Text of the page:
Scott Eastwood is finally riding into theaters Friday in his silver-screen debut, The Longest Ride. The latest Nicholas Sparks adaptation will give viewers everything they expect: a troubled road to romance and two very good-looking people. But is it worth the ticket price? Here is what the critics have to say about the latest book-turned-movie.
Most critics agree that you're getting what you pay for when you sign up to see a Sparks movie, but what makes this movie stand out from the rest of his films (Dear John, The Last Song, etc.) is the up-and-coming cast. Scott Eastwood and Britt Robertson star in the latest romantic installment, and Scott Foundas of Variety says that they're pretty much the only redeeming quality.
"Appealing performances by a trio of second- and third-generation Hollywood kids keep this three-hankie twaddle more bearable than it deserves, but Ride will surely go the longest with audiences for whom this is not their first Sparks rodeo," Foundas writes, adding that Eastwood's godly like body will also provide some serious eye candy.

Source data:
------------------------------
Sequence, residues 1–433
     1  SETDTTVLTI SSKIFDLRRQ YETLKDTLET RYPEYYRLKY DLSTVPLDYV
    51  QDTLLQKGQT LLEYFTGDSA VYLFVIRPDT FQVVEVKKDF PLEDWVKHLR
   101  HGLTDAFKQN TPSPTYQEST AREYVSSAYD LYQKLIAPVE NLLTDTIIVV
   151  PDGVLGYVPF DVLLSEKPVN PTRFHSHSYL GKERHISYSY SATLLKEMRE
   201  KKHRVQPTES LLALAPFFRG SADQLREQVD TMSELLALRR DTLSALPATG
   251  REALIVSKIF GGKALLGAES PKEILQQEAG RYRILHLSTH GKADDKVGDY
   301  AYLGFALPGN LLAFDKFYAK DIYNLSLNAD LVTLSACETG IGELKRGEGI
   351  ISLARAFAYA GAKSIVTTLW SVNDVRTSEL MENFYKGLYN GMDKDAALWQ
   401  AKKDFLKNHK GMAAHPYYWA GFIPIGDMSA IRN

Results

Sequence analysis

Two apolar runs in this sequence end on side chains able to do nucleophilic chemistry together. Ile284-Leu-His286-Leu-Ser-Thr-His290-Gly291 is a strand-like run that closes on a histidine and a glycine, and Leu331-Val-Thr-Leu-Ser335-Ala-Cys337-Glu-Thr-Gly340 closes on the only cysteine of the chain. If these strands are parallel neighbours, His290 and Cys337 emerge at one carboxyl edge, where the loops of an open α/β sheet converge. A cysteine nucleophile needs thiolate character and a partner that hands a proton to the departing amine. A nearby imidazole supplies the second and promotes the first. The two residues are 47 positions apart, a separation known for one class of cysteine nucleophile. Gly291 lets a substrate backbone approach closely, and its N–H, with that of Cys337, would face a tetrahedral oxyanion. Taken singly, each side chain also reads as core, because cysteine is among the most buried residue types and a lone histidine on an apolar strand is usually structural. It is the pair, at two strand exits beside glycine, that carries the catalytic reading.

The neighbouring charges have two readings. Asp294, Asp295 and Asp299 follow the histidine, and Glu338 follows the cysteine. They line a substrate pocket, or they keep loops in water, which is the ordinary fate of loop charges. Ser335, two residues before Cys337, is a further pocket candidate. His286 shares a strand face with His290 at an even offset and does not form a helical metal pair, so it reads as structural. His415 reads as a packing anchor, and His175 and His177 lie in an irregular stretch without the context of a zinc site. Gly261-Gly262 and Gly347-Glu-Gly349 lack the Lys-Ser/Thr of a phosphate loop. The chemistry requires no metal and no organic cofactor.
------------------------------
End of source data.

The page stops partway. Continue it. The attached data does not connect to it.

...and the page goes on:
"But most of the movie's target demo is sure to be too busy swooning over Eastwood's bared abs to even notice."
The Wrap's Alonso Duralde also notes that the movie as a whole "can barely compete with the camera's obsessive adoration of Clint [Eastwood's] son."
He adds, "The real love story in The Longest Ride is between Eastwood and David Tattersall's camera, which spends so much time leering over the actor's cheekbones, abs and other attributes that you begin to wonder if someone's going to call Human Resources. With that much objectification going on, Robertson is left standing to the side waiting for some attention from either her co-star or her cinematographer."
As for the movie's plot, Duralde summarizes, "Overall, The Longest Ride feels cloying and contrived; the only time it's unpredictable is when the plot takes a turn so utterly unbelievable that, admittedly, no one would see it coming."
Todd McCarthy of The Hollywood Reporter agrees with the other critics, noting the movie's calculated formula is all-too-familiar at this point, but gives the surprise ending more credit than Duralde. He writes, "The settings and compositions are picture-postcard, the score syrupy, the bull-riding coverage not entirely convincing, the sentiments cliched and reassuring. But, boy oh boy, the ending! In Sparks' world, when happiness rains, it pours."
Betsey Sharkey of the Los Angeles Times eviscerated the movie, writing that its pretty scenes and cast "do not make a movie."
"Even with all The Longest Ride's shots of the eye candy that is Scott Eastwood, Nicholas Sparks' latest romance to make its tissue-sodden way to the big screen is a wash. A long one," she writes.
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